Newspaper article The Evening Standard (London, England)

Who's a Fan of Virginia Woolf ?; Virginia Woolf's Reputation Has Never Been Greater. but No One Can Bear to Read Her Now

Newspaper article The Evening Standard (London, England)

Who's a Fan of Virginia Woolf ?; Virginia Woolf's Reputation Has Never Been Greater. but No One Can Bear to Read Her Now

Article excerpt


BLOOMSBURY continues to provide a rich mine of material for gossip, memoirs, biographies and biopics. But those responsible for this ceaseless flow of secondary products appear never seem to ask if the Bloomsbury Group deserves such continued attention. Did this bunch of determined self-congratulators ever produce any first-rate art whatsoever of international importance?

The latest Bloomsbury spin-off is a little different from the usual chatter, admittedly. The Hours, a movie directed by Stephen Daldry, from a script by David Hare, adapting the Pulitzer Prize-winning novel by Michael Cunningham, features an appearance by Nicole Kidman wearing a prosthetic nose to impersonate Virginia Woolf, but this is more than another slavish biopic.

Cunningham's book plays a clever set of variations on Woolf 's bestknown novel, Mrs Dalloway.

Intercutting from one timeline to another, he tells in Woolfian style three different but thematically related stories, all taking place on a single day but in different eras.

In 1923, in Richmond, Virginia Woolf is working away on Mrs Dalloway and trying to get through the day without going mad. She ends up sharing a passionate kiss with her sister, Vanessa Bell. In 1949, in Los Angeles, Laura Brown, a young wife, is longing to get back to reading her copy of Mrs Dalloway, rather than look after her small son and prepare her unsympathetic husband's birthday dinner. During the day, she, too, enjoys a kiss with a female friend, but feels suicidal nonetheless. In the late 1990s, in New York, Clarissa, a lesbian book editor, is setting out to buy flowers for a party she is holding that evening for her former lover, Richard, a gay writer, severely ill with Aids, who has just won a prize for a Mrs Dalloway-style novel he has written about Clarissa.

CUNNINGHAM artfully brings each of these stories forward to a more or less simultaneous climax with a twist in the tale. It's clear there is going to be a suicide (we've been shown Woolf 's own in 1941 as a prelude) and for most of the novel we believe it will be that of Laura Brown, back in 1949. But it turns out instead to be that of the gay writer Richard. Rather than face the party in his honour and all "the hours" after, he suddenly chucks himself out of a fifth-storey window. The party is abandoned - but one of the guests, already arrived, turns out to be none other than the elderly Laura Brown.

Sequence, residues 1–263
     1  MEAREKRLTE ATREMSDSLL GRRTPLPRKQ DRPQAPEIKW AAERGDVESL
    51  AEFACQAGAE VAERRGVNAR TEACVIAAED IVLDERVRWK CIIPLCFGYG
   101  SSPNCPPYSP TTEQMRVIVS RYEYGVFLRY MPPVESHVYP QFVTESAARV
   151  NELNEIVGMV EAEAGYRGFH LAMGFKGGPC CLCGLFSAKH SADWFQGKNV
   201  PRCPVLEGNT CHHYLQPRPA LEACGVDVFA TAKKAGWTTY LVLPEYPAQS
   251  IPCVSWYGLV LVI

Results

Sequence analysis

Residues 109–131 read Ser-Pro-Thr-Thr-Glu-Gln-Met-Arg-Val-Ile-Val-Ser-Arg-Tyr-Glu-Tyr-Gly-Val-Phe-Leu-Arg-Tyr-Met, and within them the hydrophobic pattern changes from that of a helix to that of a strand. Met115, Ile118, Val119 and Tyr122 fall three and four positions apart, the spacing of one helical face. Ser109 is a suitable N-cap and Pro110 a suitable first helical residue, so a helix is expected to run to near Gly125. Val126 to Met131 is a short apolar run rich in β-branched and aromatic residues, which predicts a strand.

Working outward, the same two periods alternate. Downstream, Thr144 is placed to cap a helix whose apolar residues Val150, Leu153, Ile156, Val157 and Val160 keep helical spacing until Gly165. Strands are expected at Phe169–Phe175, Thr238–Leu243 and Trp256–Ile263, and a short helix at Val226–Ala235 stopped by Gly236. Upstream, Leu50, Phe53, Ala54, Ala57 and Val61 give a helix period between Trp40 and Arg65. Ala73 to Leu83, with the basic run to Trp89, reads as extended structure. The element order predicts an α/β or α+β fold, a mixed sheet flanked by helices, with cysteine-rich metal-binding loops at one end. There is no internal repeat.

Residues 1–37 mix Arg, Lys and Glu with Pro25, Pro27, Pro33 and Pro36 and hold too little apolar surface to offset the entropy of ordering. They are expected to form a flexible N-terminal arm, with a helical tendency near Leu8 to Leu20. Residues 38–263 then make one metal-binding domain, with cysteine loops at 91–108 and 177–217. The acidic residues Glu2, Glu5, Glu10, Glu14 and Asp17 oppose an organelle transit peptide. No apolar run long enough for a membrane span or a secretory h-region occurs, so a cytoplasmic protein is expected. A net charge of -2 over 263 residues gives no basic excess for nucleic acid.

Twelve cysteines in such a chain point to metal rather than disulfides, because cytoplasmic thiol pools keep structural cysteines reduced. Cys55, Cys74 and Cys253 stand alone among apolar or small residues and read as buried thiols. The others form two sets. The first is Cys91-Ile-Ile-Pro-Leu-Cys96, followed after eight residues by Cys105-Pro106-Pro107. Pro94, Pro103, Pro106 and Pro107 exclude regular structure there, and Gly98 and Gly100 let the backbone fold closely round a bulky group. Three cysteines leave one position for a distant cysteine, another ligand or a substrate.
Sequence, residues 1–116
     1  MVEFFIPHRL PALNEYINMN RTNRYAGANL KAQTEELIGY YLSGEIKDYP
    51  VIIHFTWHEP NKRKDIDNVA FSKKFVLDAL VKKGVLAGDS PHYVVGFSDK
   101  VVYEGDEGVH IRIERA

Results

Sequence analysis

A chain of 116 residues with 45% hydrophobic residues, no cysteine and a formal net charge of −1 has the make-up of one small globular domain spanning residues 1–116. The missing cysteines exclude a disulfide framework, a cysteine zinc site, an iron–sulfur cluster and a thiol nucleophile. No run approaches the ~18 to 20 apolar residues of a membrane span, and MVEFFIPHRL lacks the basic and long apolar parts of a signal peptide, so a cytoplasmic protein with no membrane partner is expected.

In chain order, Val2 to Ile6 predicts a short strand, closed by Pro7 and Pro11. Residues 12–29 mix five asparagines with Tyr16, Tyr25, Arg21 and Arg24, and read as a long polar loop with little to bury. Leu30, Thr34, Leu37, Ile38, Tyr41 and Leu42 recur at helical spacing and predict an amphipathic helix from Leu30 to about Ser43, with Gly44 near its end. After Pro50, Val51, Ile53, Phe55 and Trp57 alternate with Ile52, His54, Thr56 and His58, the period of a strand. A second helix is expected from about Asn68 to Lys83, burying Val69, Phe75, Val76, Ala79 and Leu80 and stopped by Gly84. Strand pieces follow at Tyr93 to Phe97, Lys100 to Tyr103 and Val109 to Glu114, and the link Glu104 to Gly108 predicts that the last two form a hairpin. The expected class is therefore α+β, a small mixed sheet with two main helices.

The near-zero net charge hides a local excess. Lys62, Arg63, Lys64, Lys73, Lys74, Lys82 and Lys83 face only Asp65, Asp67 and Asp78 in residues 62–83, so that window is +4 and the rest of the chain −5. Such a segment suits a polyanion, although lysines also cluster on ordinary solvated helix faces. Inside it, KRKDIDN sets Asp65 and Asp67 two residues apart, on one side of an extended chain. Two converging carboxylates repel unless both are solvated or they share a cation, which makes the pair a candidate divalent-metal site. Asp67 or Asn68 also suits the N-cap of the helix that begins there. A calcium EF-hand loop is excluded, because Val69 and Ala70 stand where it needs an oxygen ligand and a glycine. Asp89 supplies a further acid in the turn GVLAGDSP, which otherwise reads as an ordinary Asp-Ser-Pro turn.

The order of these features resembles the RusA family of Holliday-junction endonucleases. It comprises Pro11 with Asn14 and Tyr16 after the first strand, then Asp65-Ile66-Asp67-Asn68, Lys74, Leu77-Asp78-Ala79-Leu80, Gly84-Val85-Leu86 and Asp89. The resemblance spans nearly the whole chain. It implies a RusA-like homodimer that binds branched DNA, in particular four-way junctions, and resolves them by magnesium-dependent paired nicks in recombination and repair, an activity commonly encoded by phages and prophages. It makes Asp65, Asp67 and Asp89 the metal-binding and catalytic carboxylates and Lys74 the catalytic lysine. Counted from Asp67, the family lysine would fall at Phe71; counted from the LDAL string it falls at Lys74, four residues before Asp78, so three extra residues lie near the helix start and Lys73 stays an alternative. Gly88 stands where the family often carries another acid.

She's Richard's mother.

It will be seen at once that Cunningham's novel is not so much an imitation of Woolf 's streams of consciousness as a nattily plotted piece of work.

Indeed it displays what Woolf 's own novels so painfully lack: a strong story. It's more like one of Roald Dahl's Tales of the Unexpected than the original Mrs Dalloway, let alone the stupefying poeticisms of her later novels such as The Waves.

As the patron saint and martyr of gay and gender studies in the universities-Virginia Woolf now holds a more revered place in 20th century literature than ever before. Yet even Bloomsbury loyalists must admit that (leaving aside the economist Maynard Keynes) the rest of the group no longer enjoy any international reputation whatsoever. Those sarcastic essays about the Victorians by Lytton Strachey? The sploshy paintings of Vanessa Bell, the colourful daubs of Duncan Grant?

The amateurish art criticism of Clive Bell or Roger Fry? The literary reviews of Desmond McCarthy?

Leonard Woolf 's dogged memoirs?

No, no, no.

But Woolf is an icon and not to be touched. …

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